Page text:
For a chance to sleep through the night in peace 

As the war turns 12, We, the young people are 75 percent of society,

But we struggle for basic education. 

We are searching for a peace and unity we have never seen.

We want to design the future ourselves… because as the war turns 12 

The US military says they should have total impunity for their crimes-

But We ask why! 

Why do they think they should not be held responsible?

As the war turns 12 

We hope it will not be possible for the US to leave 9 permanent bases the way they want

As the war turns 12, American people protest imperial violence 

And demand their government stop this war, respect the human rights of everyone in

Bagram and Guantanamo bay, WE say Salaam Alaykum, peace to all people, As the war 

turns 12:

The people of Afghanistan WANT 

 Enough peace to hear the music of their land,

 The laughter of their children, 

 The sound of a man laying a brick to build a home that he can know is not

 Going to be destroyed 

But war turns people into enemies

 Schools into battlefields 

 Homes into badly built bomb shelters

War turns, us against, each other 

 But we turn, toward each other

 To love all sisters and brothers 

We will turn this war torn nation

 Back into a place where we can dance 

And that is our dream,

 We are hoping 

 This war will never turn thirteen…

Luke Nephew, Co-Founder and Artist Educator of thepeacepoets.com is writing from Kabul where he is a guest of the Afghan Peace Volunteers. (ourjourneytosmile.com) He travelled there on behalf of Voices for Creative Nonviolence.  (vcnv.org)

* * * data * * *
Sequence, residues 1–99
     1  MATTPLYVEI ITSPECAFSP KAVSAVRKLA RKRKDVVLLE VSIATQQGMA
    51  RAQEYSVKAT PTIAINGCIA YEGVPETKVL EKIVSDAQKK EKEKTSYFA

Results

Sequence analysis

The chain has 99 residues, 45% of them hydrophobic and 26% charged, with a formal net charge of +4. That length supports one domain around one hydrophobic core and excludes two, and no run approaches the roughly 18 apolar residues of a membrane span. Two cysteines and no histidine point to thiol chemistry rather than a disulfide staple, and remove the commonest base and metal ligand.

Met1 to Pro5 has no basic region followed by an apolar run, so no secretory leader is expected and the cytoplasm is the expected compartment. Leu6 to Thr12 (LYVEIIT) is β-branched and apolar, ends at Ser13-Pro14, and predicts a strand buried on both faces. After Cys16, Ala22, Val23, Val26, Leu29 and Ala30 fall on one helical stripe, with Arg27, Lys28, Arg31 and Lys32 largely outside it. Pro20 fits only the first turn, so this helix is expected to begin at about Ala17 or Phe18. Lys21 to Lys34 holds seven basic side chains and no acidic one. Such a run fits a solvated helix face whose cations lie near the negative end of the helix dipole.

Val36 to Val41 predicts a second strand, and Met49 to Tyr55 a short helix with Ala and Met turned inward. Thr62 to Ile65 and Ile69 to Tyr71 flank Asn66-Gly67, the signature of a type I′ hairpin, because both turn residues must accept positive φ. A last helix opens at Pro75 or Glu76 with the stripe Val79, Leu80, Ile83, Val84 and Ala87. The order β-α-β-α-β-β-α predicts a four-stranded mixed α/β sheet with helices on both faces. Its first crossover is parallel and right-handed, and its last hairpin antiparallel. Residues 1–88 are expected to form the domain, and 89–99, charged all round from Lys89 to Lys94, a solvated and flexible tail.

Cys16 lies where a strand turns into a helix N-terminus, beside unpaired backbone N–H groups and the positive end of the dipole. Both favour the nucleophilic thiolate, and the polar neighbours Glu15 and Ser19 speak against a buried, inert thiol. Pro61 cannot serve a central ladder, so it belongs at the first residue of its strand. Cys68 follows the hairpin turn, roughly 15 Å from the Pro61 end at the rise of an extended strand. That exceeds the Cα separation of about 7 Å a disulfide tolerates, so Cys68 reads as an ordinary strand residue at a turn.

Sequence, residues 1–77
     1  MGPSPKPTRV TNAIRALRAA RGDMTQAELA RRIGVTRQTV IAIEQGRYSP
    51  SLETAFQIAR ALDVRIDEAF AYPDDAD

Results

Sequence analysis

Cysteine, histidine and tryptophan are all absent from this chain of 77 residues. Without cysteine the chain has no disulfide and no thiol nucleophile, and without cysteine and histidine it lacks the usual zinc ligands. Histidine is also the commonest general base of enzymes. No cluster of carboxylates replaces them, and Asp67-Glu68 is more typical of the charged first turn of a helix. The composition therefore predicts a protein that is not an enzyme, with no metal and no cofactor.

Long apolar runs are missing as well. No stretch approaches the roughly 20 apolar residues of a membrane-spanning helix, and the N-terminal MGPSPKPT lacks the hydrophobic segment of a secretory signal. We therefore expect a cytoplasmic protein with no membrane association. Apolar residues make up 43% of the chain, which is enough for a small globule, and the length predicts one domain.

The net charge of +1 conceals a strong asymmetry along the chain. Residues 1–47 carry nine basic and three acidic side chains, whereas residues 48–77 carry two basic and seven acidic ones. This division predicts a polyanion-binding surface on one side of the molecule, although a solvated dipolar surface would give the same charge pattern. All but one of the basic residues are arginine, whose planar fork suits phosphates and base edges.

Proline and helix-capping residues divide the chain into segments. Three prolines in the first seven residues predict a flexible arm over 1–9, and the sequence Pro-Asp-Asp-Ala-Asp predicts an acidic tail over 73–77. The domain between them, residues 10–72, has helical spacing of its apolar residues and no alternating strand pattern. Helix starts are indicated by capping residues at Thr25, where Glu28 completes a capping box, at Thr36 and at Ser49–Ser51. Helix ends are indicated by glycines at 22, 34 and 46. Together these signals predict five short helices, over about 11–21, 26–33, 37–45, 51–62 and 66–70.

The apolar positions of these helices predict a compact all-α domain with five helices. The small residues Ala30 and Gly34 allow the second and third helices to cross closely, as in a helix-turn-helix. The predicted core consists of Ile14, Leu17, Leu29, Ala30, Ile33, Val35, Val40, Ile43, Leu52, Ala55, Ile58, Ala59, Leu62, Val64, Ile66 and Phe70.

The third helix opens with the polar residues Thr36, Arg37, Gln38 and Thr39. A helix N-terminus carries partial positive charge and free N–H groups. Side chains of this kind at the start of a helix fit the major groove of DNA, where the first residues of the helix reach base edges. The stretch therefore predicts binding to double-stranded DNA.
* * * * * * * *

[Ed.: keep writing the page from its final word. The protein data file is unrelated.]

The Peace Poets Write from Kabul

By Luke Nephew

The flight from Dubai to Kabul:

It’s a flight full of Afghan people and soldiers. And me. And surely a handful of other curious characters.  The tension is palpable in the waiting area by the gate.  Eye contact between the warring parties is avoided let alone any dialogue.   I think about the time when we were in the Bahrain airport where all men and woman sit it different waiting areas and I took out the guitar and played Akon’s “Ain’t nobody wanna see us together but it don’t matter no, because we gonna fight, yah we gonna fight, fight for our right to love.”  Against all odds that went over great, this particular moment however just didn’t feel like it was asking for a song.  But then as the bus brought us across the runway to board the plane, an American soldier helped an Afghan family carry their bags up the stairs and store them above their seats.  The other people watched with quiet suspicion.  That’s what it is I think, as I sit myself down in the middle seat between two Afghan men, it’s a deep dark sense of distrust.  Distrust dangerous ground to build anything on, let alone a country, much less nine military bases or a prison like the one at Bagram Air Force Base outside Kabul where people are kept without charges for months or years.  Very dangerous ground. The plane shutters itself awake and rolls out onto the runway.  The lights go off.  The babies seem to all break the silence in unison.  Some of us don’t have the option of distrust they cry.  Their wailing for food or sleep or to be held sounds so beautiful to me in the harsh air of the old plane.  “Where are we going?” they seem to be asking.

The Safi Airways flight lands safely.  Victory counted. The babies are quiet.  Through the dusty windows I see lines of old grey bomber planes standing quietly in line on the asphalt.  They seem like guilty children, waiting in fearful anticipation to be reprimanded for something they knew was wrong but did anyway… It wasn’t our fault, they whisper, they made us do it.